TRPA abusing balance of power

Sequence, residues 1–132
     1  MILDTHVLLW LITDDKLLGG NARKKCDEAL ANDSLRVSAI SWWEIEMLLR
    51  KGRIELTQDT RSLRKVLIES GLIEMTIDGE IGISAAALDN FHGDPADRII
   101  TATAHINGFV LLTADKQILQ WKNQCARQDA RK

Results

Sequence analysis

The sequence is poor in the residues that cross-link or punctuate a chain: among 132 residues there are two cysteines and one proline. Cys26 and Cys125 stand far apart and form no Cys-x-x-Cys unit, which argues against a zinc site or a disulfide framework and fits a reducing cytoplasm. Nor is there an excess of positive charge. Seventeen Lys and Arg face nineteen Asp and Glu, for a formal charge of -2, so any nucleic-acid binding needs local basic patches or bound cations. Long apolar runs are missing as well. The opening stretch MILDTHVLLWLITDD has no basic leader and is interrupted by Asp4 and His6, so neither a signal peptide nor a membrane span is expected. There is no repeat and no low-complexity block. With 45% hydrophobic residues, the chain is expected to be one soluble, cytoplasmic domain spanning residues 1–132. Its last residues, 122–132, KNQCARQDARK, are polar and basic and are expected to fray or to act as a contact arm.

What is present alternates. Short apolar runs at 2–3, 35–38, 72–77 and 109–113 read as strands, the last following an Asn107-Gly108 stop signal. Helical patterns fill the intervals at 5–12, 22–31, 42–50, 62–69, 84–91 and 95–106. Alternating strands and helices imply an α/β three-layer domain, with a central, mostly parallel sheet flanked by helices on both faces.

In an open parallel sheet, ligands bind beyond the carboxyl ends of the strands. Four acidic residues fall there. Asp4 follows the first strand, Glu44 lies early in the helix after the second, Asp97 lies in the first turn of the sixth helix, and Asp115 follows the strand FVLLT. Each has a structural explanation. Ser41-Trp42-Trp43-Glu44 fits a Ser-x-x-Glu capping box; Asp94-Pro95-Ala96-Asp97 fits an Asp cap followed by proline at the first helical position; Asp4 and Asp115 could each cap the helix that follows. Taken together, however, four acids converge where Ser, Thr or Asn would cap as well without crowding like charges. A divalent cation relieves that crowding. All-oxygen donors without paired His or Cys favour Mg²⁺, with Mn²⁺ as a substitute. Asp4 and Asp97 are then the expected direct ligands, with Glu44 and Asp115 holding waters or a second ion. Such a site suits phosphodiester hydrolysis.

America’s Founding Fathers were adamant that our governance includes the concept of “Balance of Powers.” In this way, no one function of the government could operate unchecked. The genius of this provision has withstood the test of time and is vital to keeping our nation strong and free.When we are faithful to this proviso, the government works pretty well. Decisions can be made within a framework of justice. Even the losers know they were given a fair opportunity to be heard. When we violate this tenet, however, we frequently find ourselves deeply divided and left with strong feelings of frustration and anger. It boils down to accountability and responsibility of government to the people versus the arbitrary abuse of power. When we ignore the establishment of checks and balances, arrogant and abusive government is sure to follow. Honest criticism is stifled because of the fear of retribution. It is the stuff that dictators are made of, and it fully violates our American system of government.The Tahoe Regional Planning Agency is a prime example of this type of abusive government. TRPA is a bi-state agency with a massive blanket of unaccountable bureaucracy layered over the top of otherwise elected and accountable units of government, with the objective of “protecting” Lake Tahoe. It holds extensive powers over land-use decisions, private property rights, and legitimate governmental determinations. Its powers trump those of local governments. Even state and federal agencies must bow to its edicts. Decisions made by TRPA can require large expenditures of funds by private parties and governmental agencies without concern for the consequences. In fact, the costs of compliance seem never to be an issue, and staff determinations of “value” go unchallenged.One might wonder why there is not an avalanche of formal complaints coming before the TRPA Governing Board. The answer is simple – it is the fear of retribution. I have had numerous experiences of distraught citizens unwilling to express their issues publicly because, in the final analysis, they must still receive approval by TRPA. They remain silent no matter how unjust their treatment, how long the delay, how costly the requirements or in some cases how ridiculous the decisions may be. To go along with the fear of retribution, also add the near impossibility of making any changes in the structure of the agency. TRPA was created by a bi-state compact approved by Congress, and changes must follow the same path. Even those who were original signers of the compact, and who recognize how the agency has exceeded any notion of its original creation, are nearly helpless to make modifications. A recent example of this agency gone amiss is the placement of a guardrail on Highway 267 that leads into the Tahoe Basin. The California Department of Transportation installed a sturdy guardrail over this treacherous mountain pass to enhance public safety – the same type of guardrail put on highways throughout the nation. But TRPA was not satisfied. They felt this 400-foot protective barrier, made of galvanized steel for strength, must be subject to an acid bath so that it will rust and therefore look more natural in the environment. Caltrans (backed by the Nevada Department of Transportation) protested the lack of safety and higher maintenance costs and put up the standard barrier anyway. After all, road safety is their responsibility. TRPA threatened a lawsuit to force Caltrans into compliance. While strongly feeling that safety would be jeopardized, they eventually bowed to TRPA’s edict to avoid a costly court battle. The financially beleaguered department apparently determined it would be less costly to tear out the existing new barrier and replace it with a less-dependable and more costly barrier than face an expensive trial. As part of the so-called “compromise settlement,” Caltrans will now spend $750,000 on a study of colorized guardrails. The cost of the study is of no apparent concern to TRPA.When I contacted the director of TRPA to voice a concern regarding the cost of redoing this project, I was greeted with a sarcastic accusation that I apparently did not care about Lake Tahoe. I am happy to have anyone examine my record of concern regarding the importance of the lake. But the director was correct that I do feel replacing the guardrail is an abusive waste of taxpayers’ money. Apparently to raise a concern before the all-powerful agency is to become the recipient of a hostile personal attack. If that is what is in store for the state legislator who has represented the area for the past 14 years, imagine what happens to the unsuspecting citizen who would dare to disagree. The attitude of the agency in this “road barrier war” is well summed up by TRPA staffer Julie Regan, when she was quoted saying: “They did not follow it [our requirements], so we have to treat Caltrans and the Nevada Department of Transportation the same way we would any homeowner or applicant.” I am sure that Ms. Regan totally misses the point she makes. It is the treatment of the public, as well as elected public officials, that are at issue here. Many feel they are being served by arrogant, bureaucratic, unaccountable staff whose power has gone to their heads. In this case, beauty must be balanced by fiscal responsibility and public safety – something an unaccountable dictator is not required to consider. The complete text of this column can be obtained by contacting Tim.Leslie@asm.ca.gov Tim Leslie represents the 4th District in the California Assembly.